|Scientific Name:||Falco naumanni Fleischer, 1818|
|Taxonomic Source(s):||Cramp, S. and Simmons, K.E.L. (eds). 1977-1994. Handbook of the birds of Europe, the Middle East and Africa. The birds of the western Palearctic. Oxford University Press, Oxford.|
|Identification information:||29-32 cm. Small falcon. Male has grey head, uniform rusty upperparts, buff underparts with black spots. Grey band from carpal to tertials and black flight feathers. Grey tail with black subterminal band. Female and immature rusty with black barring and streaking and paler underparts. Similar spp. Common Kestrel F. tinnunculus is larger. Male lacks grey band on wing and has black spotting on upperparts and moustachial stripe. Voice Kye-kye but weaker and hoarser than F. tinnunculus.|
|Red List Category & Criteria:||Least Concern (Regional assessment) ver 3.1|
|Facilitator/Compiler(s):||Ashpole, J, Burfield, I., Ieronymidou, C., Pople, R., Wheatley, H. & Wright, L|
European regional assessment: Least Concern (LC)
EU27 regional assessment: Least Concern (LC)
In Europe this species has an extremely large range, and hence does not approach the thresholds for Vulnerable under the range size criterion (Extent of Occurrence 10% in ten years or three generations, or with a specified population structure). The population trend appears to be increasing, and hence the species does not approach the thresholds for Vulnerable under the population trend criterion (30% decline over ten years or three generations). For these reasons the species is evaluated as Least Concern in Europe.
Within the EU27 this species has a very large range, and hence does not approach the thresholds for Vulnerable under the range size criterion (Extent of Occurrence 10% in ten years or three generations, or with a specified population structure). The population trend appears to be increasing, and hence the species does not approach the thresholds for Vulnerable under the population trend criterion (30% decline over ten years or three generations). For these reasons the species is evaluated as Least Concern in the EU27.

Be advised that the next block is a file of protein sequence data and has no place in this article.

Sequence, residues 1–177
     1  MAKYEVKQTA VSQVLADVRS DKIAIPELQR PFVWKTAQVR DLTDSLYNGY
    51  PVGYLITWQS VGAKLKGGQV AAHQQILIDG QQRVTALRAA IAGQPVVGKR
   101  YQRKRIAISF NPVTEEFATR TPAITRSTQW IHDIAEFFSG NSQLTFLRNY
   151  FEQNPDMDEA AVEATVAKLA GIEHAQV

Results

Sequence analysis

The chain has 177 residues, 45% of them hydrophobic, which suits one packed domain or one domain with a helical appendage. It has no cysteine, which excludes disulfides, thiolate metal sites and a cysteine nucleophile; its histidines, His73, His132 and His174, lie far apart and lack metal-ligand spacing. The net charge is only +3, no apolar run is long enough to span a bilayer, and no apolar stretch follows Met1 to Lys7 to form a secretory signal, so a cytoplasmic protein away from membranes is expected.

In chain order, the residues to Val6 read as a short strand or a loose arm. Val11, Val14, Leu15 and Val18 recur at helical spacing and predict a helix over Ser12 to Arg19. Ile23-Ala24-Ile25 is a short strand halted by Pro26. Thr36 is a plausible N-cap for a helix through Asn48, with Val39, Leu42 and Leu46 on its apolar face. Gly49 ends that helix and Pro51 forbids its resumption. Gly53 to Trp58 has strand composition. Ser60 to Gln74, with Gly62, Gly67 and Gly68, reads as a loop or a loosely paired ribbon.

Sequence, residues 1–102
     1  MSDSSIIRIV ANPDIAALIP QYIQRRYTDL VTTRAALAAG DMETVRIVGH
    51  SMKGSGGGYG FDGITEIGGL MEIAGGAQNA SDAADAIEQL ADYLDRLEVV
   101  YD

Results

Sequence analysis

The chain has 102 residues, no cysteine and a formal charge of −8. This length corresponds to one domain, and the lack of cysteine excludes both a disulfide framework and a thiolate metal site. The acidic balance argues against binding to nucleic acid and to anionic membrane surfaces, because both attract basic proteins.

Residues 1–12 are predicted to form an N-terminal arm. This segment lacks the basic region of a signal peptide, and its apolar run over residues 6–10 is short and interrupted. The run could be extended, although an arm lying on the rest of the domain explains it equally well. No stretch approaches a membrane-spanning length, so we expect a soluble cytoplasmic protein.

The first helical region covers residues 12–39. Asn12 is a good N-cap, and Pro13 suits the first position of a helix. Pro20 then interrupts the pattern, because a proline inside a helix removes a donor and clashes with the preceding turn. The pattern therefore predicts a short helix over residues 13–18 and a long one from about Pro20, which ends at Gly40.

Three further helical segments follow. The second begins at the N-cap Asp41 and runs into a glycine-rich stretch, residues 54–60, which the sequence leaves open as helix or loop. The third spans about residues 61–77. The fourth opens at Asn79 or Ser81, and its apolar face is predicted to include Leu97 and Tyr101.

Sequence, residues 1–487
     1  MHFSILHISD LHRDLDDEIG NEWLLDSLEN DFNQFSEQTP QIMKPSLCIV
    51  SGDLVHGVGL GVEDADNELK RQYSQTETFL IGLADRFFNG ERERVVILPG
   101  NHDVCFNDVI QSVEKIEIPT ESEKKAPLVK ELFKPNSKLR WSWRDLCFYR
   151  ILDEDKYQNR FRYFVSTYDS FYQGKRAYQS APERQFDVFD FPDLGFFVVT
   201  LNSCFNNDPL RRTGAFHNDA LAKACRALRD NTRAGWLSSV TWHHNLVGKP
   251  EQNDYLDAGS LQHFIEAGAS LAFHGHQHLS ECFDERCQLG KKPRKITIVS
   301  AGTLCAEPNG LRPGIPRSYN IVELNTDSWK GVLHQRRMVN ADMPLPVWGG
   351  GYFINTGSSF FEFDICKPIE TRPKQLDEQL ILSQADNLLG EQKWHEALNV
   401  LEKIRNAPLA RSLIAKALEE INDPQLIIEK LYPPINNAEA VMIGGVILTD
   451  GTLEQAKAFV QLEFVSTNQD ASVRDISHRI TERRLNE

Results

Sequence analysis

|Range Description:||Falco naumanni breeds in Spain, Portugal, Gibraltar (to UK), France, Italy, Bosnia-Herzegovina, FYRO Macedonia, Albania, Greece, Turkey, Morocco, Algeria, Tunisia, Libya, Israel, Palestinian Authority Territories, Jordan, Iran, Iraq, Armenia, Azerbaijan, Georgia, Russia, Ukraine, Afghanistan, Turkmenistan, Uzbekistan, Kazakhstan, China and Mongolia. Birds winter in southern Spain, southern Turkey, Malta and across much of Africa, particularly South Africa. The European population is estimated at 25,000-42,000 pairs, with half of these in Spain. Several thousand pairs breed outside this range, principally in central Asia. Western Palearctic populations have undergone serious declines, although a few have begun to increase again. The western European population has declined by c.95% since 1950, and the species has disappeared from the Ural region of Russia and from northern Kazakhstan, as well as from the western and central parts of the Balkan Peninsula (Davygora 1998, B. Barov in litt. 2007). However, some populations in south-western and central Europe are stable or increasing (Iñigo and Barov 2010) and eastern breeding populations are also reported to be stable (Galushin 2009). Italy has seen a marked population increase and range expansion since 2000 (N. Baccetti in litt. 2010), and the population in Andalucía, Spain, has increased from c.2,100 pairs in 1988 to c.4,800 in 2009 (J. R. Garrido in litt. 2011). In Kazakhstan, the species appears to be stable or increasing slightly, perhaps in association with the abandonment of villages and livestock stations in the 1990s (J. Kamp in litt. 2010). Coordinated counts of the South African wintering population recorded 117,000 birds in 2005/2006 (van Zyl 2007, A. van Zyl in litt. 2007) and 98,000 birds in 2006/2007 (A. van Zyl in litt. 2007), but it is not clear whether this represents a genuine reduction in numbers or whether the missing birds were wintering elsewhere, most likely in East Africa (A. van Zyl in litt. 2007). An enormous roost discovered in January 2007 in Senegal contained over 28,600 individuals (most likely European/North African breeders).|